“It’s a challenge, but that’s the most interesting part about it. Before, it was more of a formula: do this and do that, the same routine. But now it’s exciting. With music these days, you can put a song out today and in a week’s time it feels old – we’re at a stage where things come and go so quickly.
“Things have changed, so you have to progress yourself. That’s why so many different people have their own lanes and strategies. It’s great that everybody’s reaching out and trying to find their own way.”
Grime’s coming of age. Inaugurated by Wiley and the rest of Roll Deep, it was stunted by a turbulent phase of censorship where the genre drew criticism from all quarters – including Downing Street – meaning the sound was ultimately pushed back underground. Tinchy and the rest of grime’s second generation picked up the baton on the other side, and have again steered the garage offshoot to broader territories.
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It feels like sometimes you’re a bit ahead of your time in a way, but there is nothing wrong with that because sooner or later things come back around…
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“Music is like fashion,” says Tinchy, “it always comes round. Now the interest has come back to grime a bit more.” He identifies Skepta and the Boy Better Know camp as a few of the scene’s frontrunners in 2014.
“The music is connecting with people, doing well and charting, that’s always good and always a positive thing,” he says, before adding words of caution: “But if you pay too much attention to the chart side of it, you can lose focus.”
To some we’re in a golden age for grime, with acts selling out shows – when they are permitted to go ahead – and once again taking the scene to an international stage. This is momentum initiated in part by Tinchy, who was one of the first amongst grime’s new school to broaden his sound.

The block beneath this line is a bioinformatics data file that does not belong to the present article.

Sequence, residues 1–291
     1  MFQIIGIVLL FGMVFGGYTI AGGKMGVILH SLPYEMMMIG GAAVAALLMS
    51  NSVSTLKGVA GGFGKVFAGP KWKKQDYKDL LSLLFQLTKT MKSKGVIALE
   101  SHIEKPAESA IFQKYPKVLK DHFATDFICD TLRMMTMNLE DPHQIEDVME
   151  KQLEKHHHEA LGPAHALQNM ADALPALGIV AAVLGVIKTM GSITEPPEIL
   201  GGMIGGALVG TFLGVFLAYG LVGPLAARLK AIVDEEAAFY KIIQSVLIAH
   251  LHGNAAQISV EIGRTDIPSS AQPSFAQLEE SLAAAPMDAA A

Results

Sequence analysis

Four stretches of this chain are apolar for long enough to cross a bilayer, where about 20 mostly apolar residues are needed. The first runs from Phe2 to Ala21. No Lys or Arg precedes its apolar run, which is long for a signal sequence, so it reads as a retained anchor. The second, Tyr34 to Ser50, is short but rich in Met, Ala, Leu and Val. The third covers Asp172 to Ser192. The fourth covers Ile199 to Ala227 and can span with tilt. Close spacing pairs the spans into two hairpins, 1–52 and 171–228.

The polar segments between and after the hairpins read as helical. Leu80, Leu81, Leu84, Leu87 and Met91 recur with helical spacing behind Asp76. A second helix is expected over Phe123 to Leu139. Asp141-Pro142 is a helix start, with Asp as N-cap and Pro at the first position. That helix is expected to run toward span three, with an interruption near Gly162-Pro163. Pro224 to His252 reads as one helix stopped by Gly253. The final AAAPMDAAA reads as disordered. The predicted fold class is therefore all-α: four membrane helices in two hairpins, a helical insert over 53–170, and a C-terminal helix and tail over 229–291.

“When I released ‘Third Strike’ people were like, ‘Wow this is different,’ especially with the single ‘In My System’. But that sounds like a lot of the music out right now.
“It feels like sometimes you’re a bit ahead of your time in a way, but there is nothing wrong with that because sooner or later things come back around.”
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‘In My System’ (2010)
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In keeping with the era of new rules – or no rules, depending on how you see it – Stryder’s new single ‘ESG’ was available on iTunes and Spotify minutes after surfacing online, a shock tactic that has experienced high levels of success across the pond.
“It looks like I’ve been chosen,” closes out the penultimate verse on the single, the second from ‘360’. “Everything that’s happened isn’t accidental but people don’t see the level of work that goes into my career,” says its maker. “People miss the discreet things that aren’t seen by the everyday eye.”
“So much grind we’ve done, from the very start, at pirate radio stations,” he says, recalling the earliest phases of his career. “We definitely helped pave the way and open doors, but it’s not meant to be easy or we’d all being doing it.”
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Words: Aniefiok Ekpoudom (Twitter)